13 Explain to the participants that, to achieve interoperability, communications and information systems should be designed to be: Reliable able to function in any type of incident, regardless of cause, size, location, or complexity. Portable built on standardized radio technologies, protocols, and frequencies that allow communications systems to be deployed to different locations and integrated seamlessly with other systems. Scalable suitable for use on a small or large scale, allowing for an increasing number of users. October 2014 Page 4-9

14 Continue by explaining that communications systems ensure that the flow of information will not be interrupted during an incident through: Resiliency able to withstand and continue to perform after damage or loss of infrastructure. Redundancy providing for either duplication of identical services or the ability to communicate through diverse, alternative methods when standard capabilities suffer damage. Page 4-10 October 2014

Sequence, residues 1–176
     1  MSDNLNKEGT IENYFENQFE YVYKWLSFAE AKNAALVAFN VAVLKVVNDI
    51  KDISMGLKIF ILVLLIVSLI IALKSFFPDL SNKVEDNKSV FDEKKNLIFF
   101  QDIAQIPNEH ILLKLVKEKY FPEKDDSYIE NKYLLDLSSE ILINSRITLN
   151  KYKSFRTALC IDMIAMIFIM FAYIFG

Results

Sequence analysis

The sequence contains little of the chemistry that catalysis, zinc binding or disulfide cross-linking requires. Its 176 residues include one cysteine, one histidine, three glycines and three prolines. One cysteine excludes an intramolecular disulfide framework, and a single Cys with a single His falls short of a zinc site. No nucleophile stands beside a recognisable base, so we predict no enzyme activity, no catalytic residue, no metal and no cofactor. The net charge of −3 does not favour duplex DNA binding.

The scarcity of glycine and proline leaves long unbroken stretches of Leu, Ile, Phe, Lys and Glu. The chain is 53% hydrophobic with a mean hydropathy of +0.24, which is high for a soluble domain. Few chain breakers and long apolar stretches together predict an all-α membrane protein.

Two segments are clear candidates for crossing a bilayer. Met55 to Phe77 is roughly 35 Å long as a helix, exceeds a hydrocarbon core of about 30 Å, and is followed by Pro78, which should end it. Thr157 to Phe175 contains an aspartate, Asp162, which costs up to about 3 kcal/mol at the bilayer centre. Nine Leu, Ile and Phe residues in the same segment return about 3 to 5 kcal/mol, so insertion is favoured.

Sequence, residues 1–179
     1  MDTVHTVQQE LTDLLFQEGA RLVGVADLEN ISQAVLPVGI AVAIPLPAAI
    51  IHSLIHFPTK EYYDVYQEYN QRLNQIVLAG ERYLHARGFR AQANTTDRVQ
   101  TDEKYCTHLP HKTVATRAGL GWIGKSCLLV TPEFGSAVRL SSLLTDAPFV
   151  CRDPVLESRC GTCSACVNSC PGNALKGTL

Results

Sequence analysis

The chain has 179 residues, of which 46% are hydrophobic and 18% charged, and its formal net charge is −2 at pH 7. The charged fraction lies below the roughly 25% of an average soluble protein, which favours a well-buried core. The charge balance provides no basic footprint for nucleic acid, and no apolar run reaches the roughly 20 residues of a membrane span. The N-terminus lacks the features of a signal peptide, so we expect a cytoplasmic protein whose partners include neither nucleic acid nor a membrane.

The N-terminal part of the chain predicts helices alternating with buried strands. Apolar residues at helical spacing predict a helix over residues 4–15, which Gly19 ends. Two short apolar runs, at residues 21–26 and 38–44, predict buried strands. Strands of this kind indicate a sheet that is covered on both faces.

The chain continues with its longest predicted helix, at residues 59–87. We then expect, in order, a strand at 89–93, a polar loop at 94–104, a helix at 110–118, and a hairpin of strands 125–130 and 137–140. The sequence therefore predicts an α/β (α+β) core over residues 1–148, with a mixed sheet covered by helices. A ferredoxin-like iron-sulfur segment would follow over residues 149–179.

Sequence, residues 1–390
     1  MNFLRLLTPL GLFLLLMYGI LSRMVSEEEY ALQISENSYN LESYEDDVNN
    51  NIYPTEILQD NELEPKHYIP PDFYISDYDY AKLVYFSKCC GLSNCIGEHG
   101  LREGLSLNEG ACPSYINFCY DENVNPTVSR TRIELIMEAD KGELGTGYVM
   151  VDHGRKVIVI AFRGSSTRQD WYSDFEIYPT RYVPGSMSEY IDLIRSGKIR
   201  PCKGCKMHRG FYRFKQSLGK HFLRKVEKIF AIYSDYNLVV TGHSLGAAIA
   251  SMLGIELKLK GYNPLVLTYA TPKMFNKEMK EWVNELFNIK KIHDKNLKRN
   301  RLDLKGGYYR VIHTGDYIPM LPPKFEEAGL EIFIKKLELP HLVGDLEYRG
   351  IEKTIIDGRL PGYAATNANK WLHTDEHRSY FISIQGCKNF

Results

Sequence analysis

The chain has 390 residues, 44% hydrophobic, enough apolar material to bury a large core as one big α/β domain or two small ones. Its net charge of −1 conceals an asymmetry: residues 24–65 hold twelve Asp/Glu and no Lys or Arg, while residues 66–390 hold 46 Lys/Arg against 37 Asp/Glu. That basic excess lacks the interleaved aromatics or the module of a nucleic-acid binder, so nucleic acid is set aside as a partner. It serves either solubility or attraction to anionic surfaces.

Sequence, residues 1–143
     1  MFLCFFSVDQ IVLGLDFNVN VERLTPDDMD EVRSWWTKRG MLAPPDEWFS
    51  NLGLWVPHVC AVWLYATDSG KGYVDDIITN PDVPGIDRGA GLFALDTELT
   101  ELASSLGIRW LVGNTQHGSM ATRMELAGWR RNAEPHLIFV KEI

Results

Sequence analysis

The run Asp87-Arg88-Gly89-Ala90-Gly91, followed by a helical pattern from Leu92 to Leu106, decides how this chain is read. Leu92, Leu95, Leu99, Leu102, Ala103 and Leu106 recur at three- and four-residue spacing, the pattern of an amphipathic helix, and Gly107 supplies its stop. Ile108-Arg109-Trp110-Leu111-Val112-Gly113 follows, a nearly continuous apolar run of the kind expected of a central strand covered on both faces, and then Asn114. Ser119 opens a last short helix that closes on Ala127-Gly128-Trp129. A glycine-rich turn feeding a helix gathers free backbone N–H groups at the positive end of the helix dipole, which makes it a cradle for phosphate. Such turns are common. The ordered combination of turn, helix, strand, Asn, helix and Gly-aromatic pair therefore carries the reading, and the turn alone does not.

15 Note: For a small class, you can conduct this activity as a class discussion instead of dividing into groups. Conduct the activity as follows: Divide the participants into four groups and present the following instructions: 1. Work with your group to answer the questions below. 2. Select a spokesperson and be prepared in 5 minutes. Monitor the time. When 5 minutes have passed, ask each group spokesperson to present their response to one question. Questions: What steps have you taken to ensure a common operating picture among response partners? What interoperability challenges have you faced and how have you addressed them? How do you ensure that communications systems are reliable, scalable, and portable? What are some best practices for ensuring communications systems are resilient and redundant? October 2014 Page 4-11